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Can institutions or education explain world poverty? An augmented Solow model provides some insights

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  • Breton, Theodore R.

Abstract

This article presents revised estimates of the external rates of return on investment in schooling provided in “Schooling and National Income: How Large Are the Externalities?” The analysis is based on data for the same set of countries, but it incorporates methodological improvements that yield lower estimates of these rates. The revised marginal external rates of return range from four percent in the highest-income countries to about 35 percent in the lowest-income countries. These rates are about half the private rates of return in high-income countries and about double the private rates in the lowest-income countries.

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Bibliographic Info

Article provided by Elsevier in its journal Journal of Behavioral and Experimental Economics (formerly The Journal of Socio-Economics).

Volume (Year): 33 (2004)
Issue (Month): 1 (March)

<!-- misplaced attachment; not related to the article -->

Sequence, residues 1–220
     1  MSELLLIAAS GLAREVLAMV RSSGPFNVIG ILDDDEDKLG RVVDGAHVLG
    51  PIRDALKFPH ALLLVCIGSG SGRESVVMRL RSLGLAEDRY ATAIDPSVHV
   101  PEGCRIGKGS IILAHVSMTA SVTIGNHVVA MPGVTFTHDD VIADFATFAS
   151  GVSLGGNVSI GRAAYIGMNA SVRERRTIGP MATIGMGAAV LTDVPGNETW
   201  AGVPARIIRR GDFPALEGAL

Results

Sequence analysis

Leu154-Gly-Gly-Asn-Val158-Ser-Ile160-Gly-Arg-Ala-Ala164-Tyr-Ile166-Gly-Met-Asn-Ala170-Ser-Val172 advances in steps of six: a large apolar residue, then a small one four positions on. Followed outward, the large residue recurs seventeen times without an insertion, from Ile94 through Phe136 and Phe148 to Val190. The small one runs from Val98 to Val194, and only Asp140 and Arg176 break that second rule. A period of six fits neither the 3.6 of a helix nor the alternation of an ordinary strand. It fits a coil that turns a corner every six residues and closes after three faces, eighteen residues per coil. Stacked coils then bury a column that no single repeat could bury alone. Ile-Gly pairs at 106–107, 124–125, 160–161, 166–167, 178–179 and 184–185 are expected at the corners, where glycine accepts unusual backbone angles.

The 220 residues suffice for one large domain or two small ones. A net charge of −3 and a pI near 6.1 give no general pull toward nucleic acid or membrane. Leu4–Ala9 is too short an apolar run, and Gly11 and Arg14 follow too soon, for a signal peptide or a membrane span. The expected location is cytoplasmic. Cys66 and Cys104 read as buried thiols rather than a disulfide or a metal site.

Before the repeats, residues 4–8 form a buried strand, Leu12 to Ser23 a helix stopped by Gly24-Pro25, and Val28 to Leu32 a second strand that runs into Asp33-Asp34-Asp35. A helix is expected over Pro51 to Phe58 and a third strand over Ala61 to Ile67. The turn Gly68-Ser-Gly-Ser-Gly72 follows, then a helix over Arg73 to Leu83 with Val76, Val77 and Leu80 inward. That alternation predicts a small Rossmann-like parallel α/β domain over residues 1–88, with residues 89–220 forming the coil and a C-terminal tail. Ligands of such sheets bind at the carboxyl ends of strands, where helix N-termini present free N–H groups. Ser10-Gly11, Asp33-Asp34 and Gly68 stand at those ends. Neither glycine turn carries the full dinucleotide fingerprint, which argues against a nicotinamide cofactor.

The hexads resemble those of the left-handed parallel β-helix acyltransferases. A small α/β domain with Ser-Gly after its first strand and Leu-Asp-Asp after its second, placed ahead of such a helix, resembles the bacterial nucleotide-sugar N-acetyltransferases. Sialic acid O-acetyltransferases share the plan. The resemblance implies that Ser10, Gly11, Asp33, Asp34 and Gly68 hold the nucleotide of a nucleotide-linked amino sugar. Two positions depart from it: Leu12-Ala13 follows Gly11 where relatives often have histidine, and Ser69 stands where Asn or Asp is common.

Pages: 45-69

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Handle: RePEc:eee:soceco:v:33:y:2004:i:1:p:45-69

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Web page: http://www.elsevier.com/locate/inca/620175

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Cited by:
  1. Tebaldi, Edinaldo & Mohan, Ramesh, 2008. "Poverty, Geography and Institutional Path Dependence," MPRA Paper 10201, University Library of Munich, Germany.
  2. Polimeni, John M. & Iorgulescu Polimeni, Raluca & Trees, W. Scott, 2007. "Extending The Augmented Solow Growth Model To Explain Transitional Economies," Journal for Economic Forecasting, Institute for Economic Forecasting, vol. 4(1), pages 65-76, March.
  3. Somlanaré Romuald Kinda, 2009. "Convergence des émissions par tête de dioxyde de carbone : Le rôle de l'éducation," Post-Print hal-00692146, HAL.
  4. repec:hal:journl:halshs-00129754 is not listed on IDEAS

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